Executive Summary

The United States has one of the best justice systems in the world, but unfortunately millions of Americans cannot access it because they cannot afford to do so.1 There has been a sharp rise in demand for legal services over the past few years, as economic turbulence has caused the number of people living below the poverty line to soar.2 In these difficult times, many people are seeking legal services for the first time. Some face homelessness because of an eviction or foreclosure. Others are seeking protection from an abusive spouse, or are fighting for custody of an abused child. They may be Iraq or Afghanistan war veterans who have returned home to economic strain and unique legal issues of their own. Or they may be elderly citizens who have fallen victim to fraud and have lost their life savings.

Yet more and more people are faced with the prospect of navigating the legal system alone.

The Legal Services Corporation (LSC) is the largest single funder of civil legal services in the country. Its grantees, along with a network of other legal services non-profits, face the challenging task of providing legal counsel to tens of millions of Americans who cannot otherwise afford a lawyer. Despite the sharp increase in those seeking assistance in recent years, LSC and its grantees are under considerable budgetary strain because of reductions in funding from a number of sources.

In the face of this great demand, and in light of the budgetary pressures on legal aid, one critical means of increasing the supply of legal services is through assistance from pro bono counsel. Large and small firm lawyers, government attorneys, in-house counsel, retired lawyers, law students, and even many non-lawyers are eager to assist by donating their time. And, although pro bono volunteers cannot replace the excellent work of legal services lawyers, many of whom are subject-matter experts in the unique issues faced by the poor, the private bar can make important contributions to closing the justice gap.

In August 2011, LSC created a Pro Bono Task Force comprised of judges, corporate general counsel, bar leaders, technology experts, leaders of organized pro bono programs, law firm leaders, government lawyers, law school deans, and the heads of legal services organizations, to consider how to effectively increase pro bono involvement by all lawyers. (For a list of Task Force members, see page 30). The Task Force divided into five working groups: Best Practices Urban; Best Practices Rural; Obstacles; Technology; and Big Ideas. Each working group spent months conducting interviews, identifying significant practices, and sharing ideas, and ultimately, the Task Force reported its findings and recommendations to the LSC Board of Directors. This report presents those findings and recommendations and suggests steps that LSC, its grantees, and the legal profession can take to help shape pro bono programs into a reliable, organized system that will efficiently deploy additional resources to the core civil legal issues impacting low-income Americans.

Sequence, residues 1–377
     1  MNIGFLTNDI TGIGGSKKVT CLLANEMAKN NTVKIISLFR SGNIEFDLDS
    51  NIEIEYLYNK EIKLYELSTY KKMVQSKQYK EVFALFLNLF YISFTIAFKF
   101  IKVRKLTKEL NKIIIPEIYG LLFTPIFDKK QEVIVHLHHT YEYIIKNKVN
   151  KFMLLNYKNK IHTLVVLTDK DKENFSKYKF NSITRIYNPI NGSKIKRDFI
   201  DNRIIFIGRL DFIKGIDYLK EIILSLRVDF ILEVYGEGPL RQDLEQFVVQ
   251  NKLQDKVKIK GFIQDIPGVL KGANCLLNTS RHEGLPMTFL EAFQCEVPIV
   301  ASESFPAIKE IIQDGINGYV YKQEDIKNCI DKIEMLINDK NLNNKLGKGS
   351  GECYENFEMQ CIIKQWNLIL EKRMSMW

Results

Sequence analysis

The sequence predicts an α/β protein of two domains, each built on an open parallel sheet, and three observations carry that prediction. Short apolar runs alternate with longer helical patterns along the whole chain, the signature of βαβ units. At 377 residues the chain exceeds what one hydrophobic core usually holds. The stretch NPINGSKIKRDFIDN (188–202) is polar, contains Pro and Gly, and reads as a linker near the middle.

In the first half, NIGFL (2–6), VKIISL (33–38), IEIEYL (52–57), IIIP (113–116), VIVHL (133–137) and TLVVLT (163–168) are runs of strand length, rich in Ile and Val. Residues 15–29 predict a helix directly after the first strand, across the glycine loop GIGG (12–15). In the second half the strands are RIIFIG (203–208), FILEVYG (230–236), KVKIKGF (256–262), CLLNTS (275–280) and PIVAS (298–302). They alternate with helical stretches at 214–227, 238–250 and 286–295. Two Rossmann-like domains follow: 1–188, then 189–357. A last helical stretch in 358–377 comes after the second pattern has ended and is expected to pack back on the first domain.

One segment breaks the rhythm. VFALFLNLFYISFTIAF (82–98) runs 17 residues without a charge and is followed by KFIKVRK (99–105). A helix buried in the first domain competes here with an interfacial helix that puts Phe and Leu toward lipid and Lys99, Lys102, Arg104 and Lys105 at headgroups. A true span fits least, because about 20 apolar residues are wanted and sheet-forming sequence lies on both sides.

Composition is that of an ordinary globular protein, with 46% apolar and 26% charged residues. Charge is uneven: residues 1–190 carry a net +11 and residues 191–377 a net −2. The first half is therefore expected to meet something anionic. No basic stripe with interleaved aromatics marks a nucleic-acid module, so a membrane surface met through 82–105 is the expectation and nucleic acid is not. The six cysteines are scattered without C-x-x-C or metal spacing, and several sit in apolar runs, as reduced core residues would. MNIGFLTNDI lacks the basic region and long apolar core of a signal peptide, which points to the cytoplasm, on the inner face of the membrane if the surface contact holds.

Specifically, the Task Force has compiled the following recommendations to LSC and its grantees, as well as a set of requests for the legal profession as a whole. In reviewing these recommendations and requests, readers should keep in mind that pro bono programs will not be effective without significant infrastructure, guidance, and support from legal services agencies. Thus, although pro bono programs can be an effective means of narrowing the justice gap, they cannot exist unless legal services organizations are adequately funded to support them.

Recommendations to LSC and Its Grantees

Recommendation 1

LSC Should Serve as an Information Clearinghouse and Source of Coordination and Technical Assistance to Help Grantees Develop Strong Pro Bono Programs. Specifically, LSC should:

  1. Create a professional association specifically for pro bono managers at LSC grantees. In collaboration with organizations like the National Association of Pro Bono Professionals, LSC should bring these professionals together for training, relationship-building, and support.
  2. Recommend that Congress create a Pro Bono Innovation/Incubation Fund, modeled on the successful Technology Initiative Grant (TIG) program, and aimed at encouraging innovations and best practices in pro bono. We recommend that this grant be a newly funded program, with mechanisms for evaluation built in, and that funding for it not be taken out of critically needed, existing funds for LSC grantees. We also recommend that private donors consider supporting this program.
  3. Develop a Pro Bono Toolkit which includes noteworthy practices in pro bono and provides high-level, web-based training to LSC grantees’ pro bono managers and program directors. This toolkit should build on existing resources for pro bono programs, be focused on making pro bono a reliable and sustained resource for the community, and:
    1. Include a plan for evaluating pro bono programs, including guidance on best practices in metrics and evaluation. LSC can do this by helping to create clear data collection standards and methods; creating systems for grantees to share best practices for data collection and analysis; and educating grantees and program evaluators on how to use metrics and evaluation to their benefit (for example, to secure new funding for full-time pro bono staff).
    2. Provide guidance on offering effective volunteer support, such as quality screening, training, mentoring, and recognition of volunteers.
    3. Help grantees provide a range of pro bono opportunities to engage all segments of the bar, including small firm and solo practitioners; emeritus, senior, and inactive lawyers; government lawyers; and in-house counsel, with attention to the differences between lawyers in rural, suburban, and urban areas. This tailoring should focus first on client need.
    4. Include mechanisms for engaging non-lawyers as pro bono volunteers, including law students, paralegals, administrative personnel, students in other professional schools, and others.
    5. Use pro bono lawyers to assist pro se litigants.
    6. Encourage collaboration and resource sharing among pro bono programs, including those at LSC grantees, other providers of legal aid, law firms, government lawyers, the judiciary, bar pro bono programs, and in-house legal departments.